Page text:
It's a narrative power that is often brushed over in the name of providing a meaningful experience. In Skyrim you are asked to decide the fate of the war between the Imperials and the Nords, but no one really questions your right to make that choice. You are Dragonborn, you are Shepard, you are the centre of attention, the hero, so of course you should choose whether to save the Dwarven people in the Deep Roads, or cure the Krogans of the Genophage. Right? Right?
Many games give you tough choices, but rarely does it feel as if you shouldn't even be making the choice at all. It's an unusually uncomfortable experience, sitting in the pit of your stomach as if something is just not right. This uneasy responsibility explores the opposite end of the spectrum to something like Bioshock, which questions your agency, by giving you almost too much. In the Witcher you have the power to shape a world you just want to escape.
Yet, in another life, the power of kingmaking could be seized, relished. A few different dialogue choices and Geralt becomes a schemer himself, manipulating the powerful to his own ends. The entire tone of the narrative, the very drive of the story, is player-controlled. Is Geralt on a hunt for personal revenge, is he searching for information and a lost love, or is he moulding the world to save it from impending disaster?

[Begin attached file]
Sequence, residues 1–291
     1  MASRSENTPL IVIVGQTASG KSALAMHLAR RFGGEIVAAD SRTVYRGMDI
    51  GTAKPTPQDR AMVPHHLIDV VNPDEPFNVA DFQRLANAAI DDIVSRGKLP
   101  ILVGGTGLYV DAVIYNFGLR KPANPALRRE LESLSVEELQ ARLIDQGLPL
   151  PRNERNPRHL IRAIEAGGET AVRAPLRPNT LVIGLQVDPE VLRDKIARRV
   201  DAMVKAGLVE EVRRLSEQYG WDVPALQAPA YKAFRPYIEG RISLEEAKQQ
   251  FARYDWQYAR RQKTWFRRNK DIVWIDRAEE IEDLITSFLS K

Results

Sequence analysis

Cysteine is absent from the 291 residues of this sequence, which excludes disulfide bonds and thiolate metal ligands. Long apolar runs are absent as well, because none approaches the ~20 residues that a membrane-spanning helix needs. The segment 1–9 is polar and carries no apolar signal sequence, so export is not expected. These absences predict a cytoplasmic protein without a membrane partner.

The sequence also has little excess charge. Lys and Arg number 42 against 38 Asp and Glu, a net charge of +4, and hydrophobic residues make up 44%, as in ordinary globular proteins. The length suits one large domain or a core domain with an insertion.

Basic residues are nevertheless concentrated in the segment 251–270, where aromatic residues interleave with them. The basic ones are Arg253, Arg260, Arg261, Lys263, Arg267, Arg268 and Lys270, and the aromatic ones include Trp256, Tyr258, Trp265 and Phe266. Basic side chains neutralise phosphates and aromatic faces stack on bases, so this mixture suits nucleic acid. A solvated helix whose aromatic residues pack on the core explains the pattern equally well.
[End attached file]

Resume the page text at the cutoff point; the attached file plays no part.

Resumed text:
It again raises the question of entitlement: what right do you have to influence Geralt's motivation? He exists as his own person. He has defined motivations, character, morals, world-view, friends. What right do you have to decide whether he cares about Triss, or avenging Foltest, or fighting for the freedom of the elves and dwarves? Why are you able to make that choice for him?
And what right does the game have to force you into that choice? You can't wait out the siege of Vergen, hoping things will sort themselves out. To progress, you must decide between the Nords and the Imperials. You must decide whether to cure the genophage or not. You cannot just leave and let someone else do it. Wait, and everyone waits with you.
These power dynamics are layered on and on in the Witcher 2 - Count Maravel over baron Kimbolt, John Natalis over Maravel, Geralt over Natalis, you over Geralt, the game over you. What makes the forced decisions in the Witcher so uncomfortable, and so revealing, is that, sometimes, you are given the choice to simply walk away. Uncovering plots from two major nobles late in the game, you have the option to turn in one, the other, or both. Or you can simply turn in neither of them, and wander away. Leave the quest unfinished and see the consequences of that choice play out in future events. It might even be for the best.
That taster of real freedom, the responsibility of non-participation, blows open the whole system. It makes those inescapable situations rankle so much more, feel so much more unpleasant. Just because you are given the power to change something, does not mean you deserve it, or that you should use it.